The battle of Kagoshima

Lord Saigo Takamori of Kagoshima fought against the pro-Restoration forces using his own clan’s resources in 1875, after he built the Meiji Imperial Armed Forces in 1867.

From the exact same spot also came one of the most important figures at Emperor Meiji’s side: Minister of Interior Okubo Toshimichi. This one stuck to the Meiji government to the end (he was assasinated, and the suspects were the remains of Lord Saigo’s men).

The Ikedaya Inn, Kyoto, where the anti-Meiji (including Shinsengumi) and pro-Meiji samurai clashed. The gory episode started a nationwide brawling session between the two kinds of samurai.

In this inn, in 1866, the basic hero for the Meiji supporters, Sakamoto Ryoma (click here) was attacked by unknown samurai — not entirely anonymous, since it must have been a Tokugawa supporter. He managed to stay alive after that, although right after Tokugawa Yoshinobu (click here) abdicated Ryoma was finally assassinated.

The same old inn had the unfortune to host another bloody clash, too; this time among fellow warriors of the Satsuma clans. Some were for the Emperor, some were holding on to the shogunate’s side — the latter felt jilted by Emperor Meiji because their initial support didn’t get politically rewarded the way they expected it to be.

Since it used to be the hangout place for the deserting Shinsengumi members, such as Ito Kashitaro and his gang, Ikedaya Inn was subject to an overall investigation by the pack after the assassination toward the Shinsengumi leader Kondo Isami, that happened elsewhere. The Shinsengumi couldn’t find anything there.

One of the goriest battles of the Shinsengumi and other anti-Meiji forces happened in this tranquil area of Fushimi. The fuse of the Kyotoite ‘Wolves’, Hijikata Toshizo, died there.

Statues of Sakamoto Ryoma & Nakaoka Shintaro in Kyoto today. Sakamoto has been made too much out of, that the credit given to him for ‘starting the Meiji Restoration’ is often out of proportion, while the Restoration was actually a historical necessity.

By the way, Nakaoka was the man who killed Sakamoto — just in case you are getting misled by the statues above, which deliberately make the two seem like the best of buddies.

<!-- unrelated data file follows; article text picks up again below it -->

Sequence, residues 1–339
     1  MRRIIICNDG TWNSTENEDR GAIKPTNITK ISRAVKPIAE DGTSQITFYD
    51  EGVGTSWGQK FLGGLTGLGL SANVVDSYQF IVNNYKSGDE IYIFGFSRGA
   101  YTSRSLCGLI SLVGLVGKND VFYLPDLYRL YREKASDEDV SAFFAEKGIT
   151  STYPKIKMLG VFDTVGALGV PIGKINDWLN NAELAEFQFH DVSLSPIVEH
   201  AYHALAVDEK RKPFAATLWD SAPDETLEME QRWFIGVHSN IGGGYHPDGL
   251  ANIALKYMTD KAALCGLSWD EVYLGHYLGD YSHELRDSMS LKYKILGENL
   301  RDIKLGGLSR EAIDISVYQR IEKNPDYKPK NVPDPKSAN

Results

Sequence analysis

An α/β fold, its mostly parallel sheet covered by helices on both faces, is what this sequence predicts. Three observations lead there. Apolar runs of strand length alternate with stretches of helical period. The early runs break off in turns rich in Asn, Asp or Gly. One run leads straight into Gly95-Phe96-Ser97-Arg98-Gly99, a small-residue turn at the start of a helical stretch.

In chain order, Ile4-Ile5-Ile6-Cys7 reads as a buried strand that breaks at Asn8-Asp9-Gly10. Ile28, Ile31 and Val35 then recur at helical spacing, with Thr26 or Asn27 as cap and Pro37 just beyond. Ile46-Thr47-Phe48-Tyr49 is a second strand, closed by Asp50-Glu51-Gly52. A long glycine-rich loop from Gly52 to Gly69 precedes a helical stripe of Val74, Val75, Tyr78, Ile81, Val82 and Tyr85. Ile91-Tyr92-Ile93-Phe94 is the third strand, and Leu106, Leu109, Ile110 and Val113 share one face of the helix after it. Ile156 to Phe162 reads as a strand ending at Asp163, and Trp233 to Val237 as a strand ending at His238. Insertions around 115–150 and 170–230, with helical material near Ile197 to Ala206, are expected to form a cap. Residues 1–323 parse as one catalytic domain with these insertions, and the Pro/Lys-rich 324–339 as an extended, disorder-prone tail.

The Real Shinsengumi

History of real-life samurai ended with the diehard supporters of the descendants of the Minamoto clan.

The Shinsengumi of Kyoto was one heck of a bunch. They consisted of masterless swordsmen (‘ronin’ in Japanese) recruited via the hardest tests of their lives — an audition often meant the end of such lives, mind you — with the purpose of actively protecting the interests, persons, and properties of the Tokugawa shogunate. The said shogunate did need such a drastic measure; Tokugawa Iemochi and his successor Yoshinobu were among the weakest Shoguns ever, several lightyears away as a far cry from the clan’s Ieyasu of 1600’s

Nicknamed ‘the Wolves of Mibu’, the men of Shinsengumi literally hunted in packs for Emperor Meiji’s supporters–including their former comrades, since some of the ‘wolves’ (Ito, Okubo, and so on) jilted them to establish another pack under the Emperor’s banner. The Emperor won the bloody power-struggle in 1868, and after the Toba-Fushimi battle, there virtually was no more olden-days-samurai left roaming around the country. Wearing a sword in public was outlawed; this led to countless unnecessary skirmishes and deadly brawls, especially between the cops — such a thing was entirely new in Japan — and the proud descendants of the warrior-class of the old regime. Only after years of civil wars (it was plural because each clan seems to have found it better to fight their own), after so many deaths among those who resisted the new order of things, Emperor Meiji’s Japan came to lay its foundations of a nation-state firmly for good. In the last battles of the Tokugawa supporters, the Shinsengumi was virtually all gone, though a few of its members survived

But the ‘Wolves’, in real life, never die. Even this very minute of 21st-century Shinsengumi has too many admirers around the world; names of its faithful members such as Hijikata, Kondo, Okita, Nagakura, and so on have been household names even in Indonesia, South Africa, Germany and the USA; the former Kyotoite HQ of the Wolves has been an international tourist attraction (most of whose visitors take it as a pilgrimage).

So Shinsengumi is, by the time you waste your precious time to read this, one of the border-crossing pop cults on this sorry little planet earth. Since 1994, hundreds of local American Shinsengumist clubs have been springing up like vodka in a Muscovite winter.

On this Planet Pop, nobody seems to remember that the real-life and original and Japanese Shinsengumi of Kondo’s and saito’s and Okita’s et.al., collectively and individually alike, would have loved to whack caucasians apart any minute of the day.

Especially Americans.

Much of what went on in Japan during this Meiji confusion of 1868 was a heavymetal attitude of being anti-foreigners.

Or else the bombings of Lord Saigo’s beautiful samurai city Kagoshima by the American and British battleships, the assault toward the American Consulate by local samurai, the killings of British reps by another bunch of samurai, and so on, wouldn’t have made any sense.